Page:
Sarah Palin and John McCain haven’t had the smoothest transition into running mates. Compared to Obama and Biden, especially, the selection of Palin as VP seems impulsive, poorly planned, and suspect.
For instance, Palin’s mantle of being anti-corruption has already been stripped:
In her nationally televised speech accepting the job as John McCain’s running mate, Alaska Gov. Sarah Palin said she “championed reform to end the abuses of earmark spending by Congress” and opposed federal funding for a controversial bridge to a sparsely populated island.
“I told Congress, ‘Thanks, but no thanks,’ on that bridge to nowhere,” Palin said Friday in Ohio, using the critics’ dismissive name of the project. “‘If our state wanted a bridge,’ I said, ‘we’d build it ourselves.'”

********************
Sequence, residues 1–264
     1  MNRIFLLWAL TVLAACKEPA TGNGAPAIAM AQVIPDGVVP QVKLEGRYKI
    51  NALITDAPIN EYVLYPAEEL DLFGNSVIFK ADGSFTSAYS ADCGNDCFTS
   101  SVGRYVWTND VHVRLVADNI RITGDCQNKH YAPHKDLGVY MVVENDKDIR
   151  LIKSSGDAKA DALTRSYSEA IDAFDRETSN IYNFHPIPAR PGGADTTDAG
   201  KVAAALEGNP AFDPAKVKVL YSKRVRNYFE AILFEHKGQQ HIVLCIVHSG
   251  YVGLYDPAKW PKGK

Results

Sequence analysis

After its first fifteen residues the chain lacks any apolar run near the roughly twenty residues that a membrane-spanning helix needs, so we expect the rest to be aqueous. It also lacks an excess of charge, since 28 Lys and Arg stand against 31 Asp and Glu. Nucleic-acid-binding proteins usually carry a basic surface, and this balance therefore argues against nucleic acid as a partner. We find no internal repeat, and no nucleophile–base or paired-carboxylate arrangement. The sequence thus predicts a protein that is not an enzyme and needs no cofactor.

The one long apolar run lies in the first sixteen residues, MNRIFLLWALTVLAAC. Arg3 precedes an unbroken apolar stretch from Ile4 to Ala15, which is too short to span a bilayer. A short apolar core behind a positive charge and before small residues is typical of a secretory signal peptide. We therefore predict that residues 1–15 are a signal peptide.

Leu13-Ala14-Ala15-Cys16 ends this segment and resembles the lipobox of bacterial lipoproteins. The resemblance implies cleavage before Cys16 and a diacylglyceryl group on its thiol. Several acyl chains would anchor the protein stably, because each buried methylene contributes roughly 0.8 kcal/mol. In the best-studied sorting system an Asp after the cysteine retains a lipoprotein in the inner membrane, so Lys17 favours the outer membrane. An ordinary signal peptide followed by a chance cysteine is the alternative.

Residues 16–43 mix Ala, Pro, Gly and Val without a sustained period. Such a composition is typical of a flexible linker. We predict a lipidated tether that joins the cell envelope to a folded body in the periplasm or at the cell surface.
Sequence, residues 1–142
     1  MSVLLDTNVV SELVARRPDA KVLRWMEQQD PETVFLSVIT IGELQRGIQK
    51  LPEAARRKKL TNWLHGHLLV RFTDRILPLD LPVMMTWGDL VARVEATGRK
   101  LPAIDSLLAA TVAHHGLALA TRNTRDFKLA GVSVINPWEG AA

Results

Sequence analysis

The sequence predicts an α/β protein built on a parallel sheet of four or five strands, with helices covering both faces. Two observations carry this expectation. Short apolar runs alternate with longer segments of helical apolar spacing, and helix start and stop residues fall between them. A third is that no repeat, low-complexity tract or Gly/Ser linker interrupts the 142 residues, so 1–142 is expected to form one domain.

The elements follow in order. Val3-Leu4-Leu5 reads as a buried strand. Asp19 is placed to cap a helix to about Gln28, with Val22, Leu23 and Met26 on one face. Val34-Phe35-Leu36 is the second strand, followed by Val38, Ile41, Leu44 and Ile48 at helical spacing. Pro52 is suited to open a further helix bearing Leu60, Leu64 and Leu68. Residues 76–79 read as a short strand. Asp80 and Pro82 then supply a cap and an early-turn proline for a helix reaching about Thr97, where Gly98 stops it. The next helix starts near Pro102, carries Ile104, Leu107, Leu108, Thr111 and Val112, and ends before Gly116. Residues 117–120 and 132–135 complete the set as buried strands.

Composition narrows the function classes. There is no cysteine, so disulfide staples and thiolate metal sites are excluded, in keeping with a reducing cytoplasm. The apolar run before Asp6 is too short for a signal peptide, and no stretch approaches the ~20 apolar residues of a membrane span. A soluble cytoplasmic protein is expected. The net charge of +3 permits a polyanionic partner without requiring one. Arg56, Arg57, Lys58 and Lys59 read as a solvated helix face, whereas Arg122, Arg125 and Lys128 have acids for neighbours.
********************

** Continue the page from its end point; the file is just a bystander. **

While running for governor in 2006, though, Palin backed federal funding for the infamous bridge, which McCain helped make a symbol of pork barrel excess.
And as mayor of the small town of Wasilla from 1996 to 2002, Palin also hired a Washington lobbying firm that helped secure $8 million in congressionally directed spending projects, known as earmarks, according to public spending records compiled by the watchdog group Citizens Against Government Waste and lobbying documents.
So much for being a reformer, though Republicans obviously don’t care too much if their candidates engage in crony capitalism, as long as everyone gets a taste.